Islamic State Oil Business Estimated at $500 Million a Year
The Islamic State, or ISIS, is a well-oiled machine. Literally.
The terrorist group makes an estimated $500 million a year by selling oil from the fields it has captured in battle, despite U.S. and allied efforts to shut down the trade, according to the Associated Press. The group is even importing experts from Iraq and other countries and equipment via Turkey to keep the oil flowing.
ISIS is selling the oil at a steep discount from the world price of around $50 a barrel. The group extracts between 30,000 and 50,000 barrels a day from Iraq and Syria, which it then sells for $10 to $35 a barrel to smugglers. They, in turn, resell the oil to middlemen, mostly in Turkey. The oil is then taken in small tankers for processing. The group also keeps some oil that it refines for its use.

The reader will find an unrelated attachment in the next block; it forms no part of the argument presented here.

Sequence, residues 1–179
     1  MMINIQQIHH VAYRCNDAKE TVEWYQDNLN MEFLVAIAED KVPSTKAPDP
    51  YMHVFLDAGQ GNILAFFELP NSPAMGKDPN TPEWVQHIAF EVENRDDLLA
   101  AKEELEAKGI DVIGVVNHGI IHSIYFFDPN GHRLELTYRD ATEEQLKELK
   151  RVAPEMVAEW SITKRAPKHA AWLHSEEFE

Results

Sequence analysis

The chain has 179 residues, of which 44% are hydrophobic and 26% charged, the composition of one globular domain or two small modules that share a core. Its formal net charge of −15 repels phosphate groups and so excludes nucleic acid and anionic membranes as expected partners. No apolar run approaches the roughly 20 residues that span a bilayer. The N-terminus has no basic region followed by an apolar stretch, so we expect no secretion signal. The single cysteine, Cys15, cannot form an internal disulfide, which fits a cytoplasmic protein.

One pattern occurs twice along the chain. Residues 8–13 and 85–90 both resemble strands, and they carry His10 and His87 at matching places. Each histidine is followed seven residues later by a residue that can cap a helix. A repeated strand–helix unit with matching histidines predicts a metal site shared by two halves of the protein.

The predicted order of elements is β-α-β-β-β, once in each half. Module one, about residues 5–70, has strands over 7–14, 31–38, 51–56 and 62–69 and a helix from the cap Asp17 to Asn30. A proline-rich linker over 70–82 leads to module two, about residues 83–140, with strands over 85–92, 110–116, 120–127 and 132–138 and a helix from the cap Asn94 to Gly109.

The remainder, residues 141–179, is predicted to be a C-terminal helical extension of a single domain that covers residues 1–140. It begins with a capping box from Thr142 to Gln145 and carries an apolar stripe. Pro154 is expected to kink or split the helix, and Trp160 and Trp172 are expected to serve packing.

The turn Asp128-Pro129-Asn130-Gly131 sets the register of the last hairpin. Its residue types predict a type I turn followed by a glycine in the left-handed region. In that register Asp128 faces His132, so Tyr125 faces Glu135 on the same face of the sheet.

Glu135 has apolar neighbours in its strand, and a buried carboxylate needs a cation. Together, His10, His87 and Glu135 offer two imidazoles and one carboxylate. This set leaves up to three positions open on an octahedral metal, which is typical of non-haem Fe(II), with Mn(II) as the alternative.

The Islamic State makes at least $40 million a month from oil sales. That, along with taxes on those in regions it controls and a stash of cash seized from Iraq’s central bank branch in Mosul, enables the group to recover quickly from U.S. attacks on its infrastructure. The group’s total income was believed to be $1.2 billion in 2014.
The Islamic State seized 11 oil fields in Syria in 2014, according to Manufacturing.net.
To Learn More:
Despite U.S.-Led Campaign, Islamic State Rakes in Oil Earnings (by Hamza Hendawi and Qassim Abdul-Zahra, Associated Press)
ISIS’ Illegal Oil Empire: By the Numbers (by Meagan Parrish, Manufacturing.net)
Looting Antiquities Second only to Oil as Source of Income for Islamic State (by Noel Brinkerhoff, AllGov)
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